A convicted sex offender who repeatedly breached court orders designed to control his behaviour was jailed for two years at Lincoln Crown Court on Thursday (March 9).
Peter Stainton, 27, of Northgate, Louth, created a Facebook account in a false name and used his new identity to befriend single mothers.
Stainton, who had previously twice been jailed for breaching a sexual offences prevention order was banned from visiting any house where a child was present.
But on a number of occasions he went to visit young mothers at their homes when their children were inside the property.
He also broke the conditions of being on the sex offenders’ register as he used an alias without previously informing police he was using a different name to his own.
The court was told that Stainton used the name Mike Bateman on Facebook.
Phil Howes, prosecuting, said “This is a continued flouting of court orders.”
He said that Stainton’s latest activities came to light when a young mother he became friendly with became uneasy about him
and searched the internet.
The woman discovered information about him and Mr Howes said: “She felt physically sick. She would not have allowed his advances had she known of his history.
Stainton admitted four charges of breaching a sexual offences prevention order on dates in August 2016, December 2016 and January this year. The charges related to his visits to addresses in Lincoln, Louth and Ulceby.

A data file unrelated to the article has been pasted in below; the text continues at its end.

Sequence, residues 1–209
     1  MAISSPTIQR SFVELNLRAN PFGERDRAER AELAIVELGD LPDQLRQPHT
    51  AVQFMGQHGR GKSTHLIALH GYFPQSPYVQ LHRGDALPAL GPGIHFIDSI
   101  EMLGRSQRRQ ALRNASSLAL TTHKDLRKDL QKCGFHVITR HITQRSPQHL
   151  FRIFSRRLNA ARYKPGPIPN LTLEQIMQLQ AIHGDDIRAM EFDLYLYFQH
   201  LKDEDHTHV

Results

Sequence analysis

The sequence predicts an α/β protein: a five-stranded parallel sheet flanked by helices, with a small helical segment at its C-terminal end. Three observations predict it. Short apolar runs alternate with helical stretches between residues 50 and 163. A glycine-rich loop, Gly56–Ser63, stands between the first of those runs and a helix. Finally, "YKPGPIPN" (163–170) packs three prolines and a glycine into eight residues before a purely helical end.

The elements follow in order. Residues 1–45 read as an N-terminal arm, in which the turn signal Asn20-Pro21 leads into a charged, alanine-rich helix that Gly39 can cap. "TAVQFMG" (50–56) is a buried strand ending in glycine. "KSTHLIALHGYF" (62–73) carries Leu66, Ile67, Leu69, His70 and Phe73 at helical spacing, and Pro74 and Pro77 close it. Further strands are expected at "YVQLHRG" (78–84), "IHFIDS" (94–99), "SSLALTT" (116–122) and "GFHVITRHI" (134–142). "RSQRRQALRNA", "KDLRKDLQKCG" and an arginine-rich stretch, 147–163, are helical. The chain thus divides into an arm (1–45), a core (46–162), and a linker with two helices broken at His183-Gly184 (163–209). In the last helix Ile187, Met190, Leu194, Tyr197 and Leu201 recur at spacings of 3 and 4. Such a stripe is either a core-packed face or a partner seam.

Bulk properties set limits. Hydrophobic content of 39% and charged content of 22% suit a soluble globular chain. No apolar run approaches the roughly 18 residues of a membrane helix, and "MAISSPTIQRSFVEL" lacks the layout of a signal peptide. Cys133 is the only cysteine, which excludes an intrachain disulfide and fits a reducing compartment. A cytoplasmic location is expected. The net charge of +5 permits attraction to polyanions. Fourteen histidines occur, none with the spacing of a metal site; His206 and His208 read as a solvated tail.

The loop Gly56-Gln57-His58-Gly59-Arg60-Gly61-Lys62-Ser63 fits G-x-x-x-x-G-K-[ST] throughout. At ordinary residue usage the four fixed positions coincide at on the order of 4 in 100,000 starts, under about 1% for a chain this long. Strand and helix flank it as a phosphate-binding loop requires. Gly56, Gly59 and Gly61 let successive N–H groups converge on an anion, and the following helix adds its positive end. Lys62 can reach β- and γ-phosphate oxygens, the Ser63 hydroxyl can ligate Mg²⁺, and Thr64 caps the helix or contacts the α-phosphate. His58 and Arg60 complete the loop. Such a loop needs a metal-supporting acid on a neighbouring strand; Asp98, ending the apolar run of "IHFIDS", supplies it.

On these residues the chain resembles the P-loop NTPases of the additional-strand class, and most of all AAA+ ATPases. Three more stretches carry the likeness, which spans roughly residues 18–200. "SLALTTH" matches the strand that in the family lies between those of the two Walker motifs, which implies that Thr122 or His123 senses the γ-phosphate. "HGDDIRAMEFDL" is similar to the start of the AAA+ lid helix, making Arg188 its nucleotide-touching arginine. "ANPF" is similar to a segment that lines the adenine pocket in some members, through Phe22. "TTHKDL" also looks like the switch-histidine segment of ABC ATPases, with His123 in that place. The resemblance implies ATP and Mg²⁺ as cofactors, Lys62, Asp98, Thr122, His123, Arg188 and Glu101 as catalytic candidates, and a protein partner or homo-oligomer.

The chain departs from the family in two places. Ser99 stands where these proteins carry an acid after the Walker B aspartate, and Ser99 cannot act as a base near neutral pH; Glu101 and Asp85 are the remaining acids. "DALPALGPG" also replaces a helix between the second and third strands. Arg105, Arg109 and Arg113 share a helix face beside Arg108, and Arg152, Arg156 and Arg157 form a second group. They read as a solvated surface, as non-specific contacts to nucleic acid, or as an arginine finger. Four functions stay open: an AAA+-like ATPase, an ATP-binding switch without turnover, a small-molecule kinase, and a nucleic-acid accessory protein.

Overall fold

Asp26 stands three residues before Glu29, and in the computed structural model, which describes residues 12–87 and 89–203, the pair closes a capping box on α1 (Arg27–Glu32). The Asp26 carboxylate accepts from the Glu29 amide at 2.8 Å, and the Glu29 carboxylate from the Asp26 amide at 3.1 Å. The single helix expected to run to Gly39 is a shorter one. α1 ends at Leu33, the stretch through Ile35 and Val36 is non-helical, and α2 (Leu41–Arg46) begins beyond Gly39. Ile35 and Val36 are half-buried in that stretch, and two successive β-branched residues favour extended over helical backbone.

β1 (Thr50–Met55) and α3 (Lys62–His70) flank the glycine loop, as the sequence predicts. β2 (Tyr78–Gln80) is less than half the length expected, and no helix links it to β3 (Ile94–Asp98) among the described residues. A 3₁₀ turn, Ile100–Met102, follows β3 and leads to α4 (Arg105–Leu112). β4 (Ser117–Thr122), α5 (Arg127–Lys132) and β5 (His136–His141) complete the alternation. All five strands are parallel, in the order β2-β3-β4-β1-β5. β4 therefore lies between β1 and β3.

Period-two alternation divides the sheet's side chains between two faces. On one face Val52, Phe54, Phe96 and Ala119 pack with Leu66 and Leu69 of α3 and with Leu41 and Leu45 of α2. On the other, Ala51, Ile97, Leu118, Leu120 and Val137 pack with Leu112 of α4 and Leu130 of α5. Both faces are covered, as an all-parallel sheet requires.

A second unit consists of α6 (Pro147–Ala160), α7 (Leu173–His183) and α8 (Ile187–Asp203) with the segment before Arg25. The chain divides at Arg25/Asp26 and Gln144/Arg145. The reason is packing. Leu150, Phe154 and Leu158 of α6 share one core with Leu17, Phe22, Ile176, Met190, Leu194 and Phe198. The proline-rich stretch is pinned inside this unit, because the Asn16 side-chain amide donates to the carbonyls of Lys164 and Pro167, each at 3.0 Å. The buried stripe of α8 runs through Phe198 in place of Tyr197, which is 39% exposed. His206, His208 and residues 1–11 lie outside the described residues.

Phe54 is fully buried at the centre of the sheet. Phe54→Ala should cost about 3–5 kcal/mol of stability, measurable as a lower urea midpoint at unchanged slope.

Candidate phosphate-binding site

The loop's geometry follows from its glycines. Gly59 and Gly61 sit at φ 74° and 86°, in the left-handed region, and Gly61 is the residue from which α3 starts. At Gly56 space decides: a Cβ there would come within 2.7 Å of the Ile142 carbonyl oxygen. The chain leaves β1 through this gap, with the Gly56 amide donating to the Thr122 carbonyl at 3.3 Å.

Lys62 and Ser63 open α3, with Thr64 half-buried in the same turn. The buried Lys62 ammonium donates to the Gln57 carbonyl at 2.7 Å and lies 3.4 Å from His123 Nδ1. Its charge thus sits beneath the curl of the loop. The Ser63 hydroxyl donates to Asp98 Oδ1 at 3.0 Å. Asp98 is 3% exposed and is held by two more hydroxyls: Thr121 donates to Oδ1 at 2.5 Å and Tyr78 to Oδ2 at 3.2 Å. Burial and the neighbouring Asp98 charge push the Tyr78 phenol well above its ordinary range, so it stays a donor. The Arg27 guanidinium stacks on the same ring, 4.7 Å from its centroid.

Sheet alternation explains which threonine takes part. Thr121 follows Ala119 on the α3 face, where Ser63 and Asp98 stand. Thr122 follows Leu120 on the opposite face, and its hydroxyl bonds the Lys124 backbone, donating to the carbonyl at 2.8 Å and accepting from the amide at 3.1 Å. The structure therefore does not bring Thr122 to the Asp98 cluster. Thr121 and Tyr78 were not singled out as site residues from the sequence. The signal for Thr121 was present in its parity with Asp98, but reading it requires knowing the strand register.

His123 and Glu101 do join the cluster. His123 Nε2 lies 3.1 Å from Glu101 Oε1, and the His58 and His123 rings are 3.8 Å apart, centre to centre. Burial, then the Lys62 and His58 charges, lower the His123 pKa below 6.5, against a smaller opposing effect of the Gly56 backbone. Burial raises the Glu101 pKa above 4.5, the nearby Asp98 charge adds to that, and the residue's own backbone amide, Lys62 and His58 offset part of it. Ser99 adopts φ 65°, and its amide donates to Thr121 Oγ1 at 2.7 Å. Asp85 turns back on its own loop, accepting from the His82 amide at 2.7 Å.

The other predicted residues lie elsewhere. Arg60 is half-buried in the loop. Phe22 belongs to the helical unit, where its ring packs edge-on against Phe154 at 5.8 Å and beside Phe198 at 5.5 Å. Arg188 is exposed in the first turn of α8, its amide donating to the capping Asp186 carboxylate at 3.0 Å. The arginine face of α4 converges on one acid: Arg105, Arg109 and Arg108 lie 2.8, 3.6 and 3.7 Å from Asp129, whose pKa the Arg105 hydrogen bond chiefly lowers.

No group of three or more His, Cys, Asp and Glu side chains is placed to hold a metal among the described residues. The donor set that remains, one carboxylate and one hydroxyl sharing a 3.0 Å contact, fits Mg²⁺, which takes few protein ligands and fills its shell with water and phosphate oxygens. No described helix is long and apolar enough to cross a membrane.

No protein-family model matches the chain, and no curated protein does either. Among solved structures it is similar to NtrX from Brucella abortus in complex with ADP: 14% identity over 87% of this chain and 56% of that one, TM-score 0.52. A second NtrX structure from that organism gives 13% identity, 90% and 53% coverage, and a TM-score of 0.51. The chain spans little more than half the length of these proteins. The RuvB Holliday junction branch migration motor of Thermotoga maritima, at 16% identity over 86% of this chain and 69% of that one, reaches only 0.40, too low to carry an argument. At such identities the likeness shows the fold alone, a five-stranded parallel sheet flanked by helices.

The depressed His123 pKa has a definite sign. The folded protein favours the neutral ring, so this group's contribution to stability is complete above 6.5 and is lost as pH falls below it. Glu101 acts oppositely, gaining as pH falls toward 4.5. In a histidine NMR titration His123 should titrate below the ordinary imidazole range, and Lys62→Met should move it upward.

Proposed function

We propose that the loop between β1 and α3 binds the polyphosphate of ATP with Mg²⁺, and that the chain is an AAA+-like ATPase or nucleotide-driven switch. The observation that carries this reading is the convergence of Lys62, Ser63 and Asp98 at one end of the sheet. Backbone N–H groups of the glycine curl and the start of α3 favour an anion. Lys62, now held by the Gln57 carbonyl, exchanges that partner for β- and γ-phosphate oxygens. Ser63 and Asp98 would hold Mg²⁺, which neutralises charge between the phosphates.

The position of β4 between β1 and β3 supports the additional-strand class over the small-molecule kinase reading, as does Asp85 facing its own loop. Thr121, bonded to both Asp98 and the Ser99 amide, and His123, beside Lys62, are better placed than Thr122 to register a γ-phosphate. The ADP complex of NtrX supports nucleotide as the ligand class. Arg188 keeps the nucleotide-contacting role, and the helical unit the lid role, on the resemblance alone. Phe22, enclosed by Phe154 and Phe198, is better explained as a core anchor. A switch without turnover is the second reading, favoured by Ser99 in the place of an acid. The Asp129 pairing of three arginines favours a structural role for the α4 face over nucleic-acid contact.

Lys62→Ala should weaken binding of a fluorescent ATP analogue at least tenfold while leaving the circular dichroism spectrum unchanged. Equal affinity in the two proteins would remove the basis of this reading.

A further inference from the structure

He also admitted two charges of failing to comply with a sex offender’s notification requirement by not informing Lincolnshire Police that he was using an alias name.
Judge Simon Hirst described Stainton as having a “narcissistic personality”.
The judge told him “At some point you will realise that these orders are here to prevent you having anything to do with children.
“The reason they are made is because in 2008 you received a sentence of two years for sexual activity with a child.
“If you continue to think these orders do not apply to you then you will commit offences, come back to court and you will get longer and longer sentences.”
Matthew Rowcliffe, in mitigation, said Stainton had difficulty in accepting he was the subject of the court order but had sought to avoid contact with
“His guilty pleas have avoided any of the complainants having to come to court to give evidence.”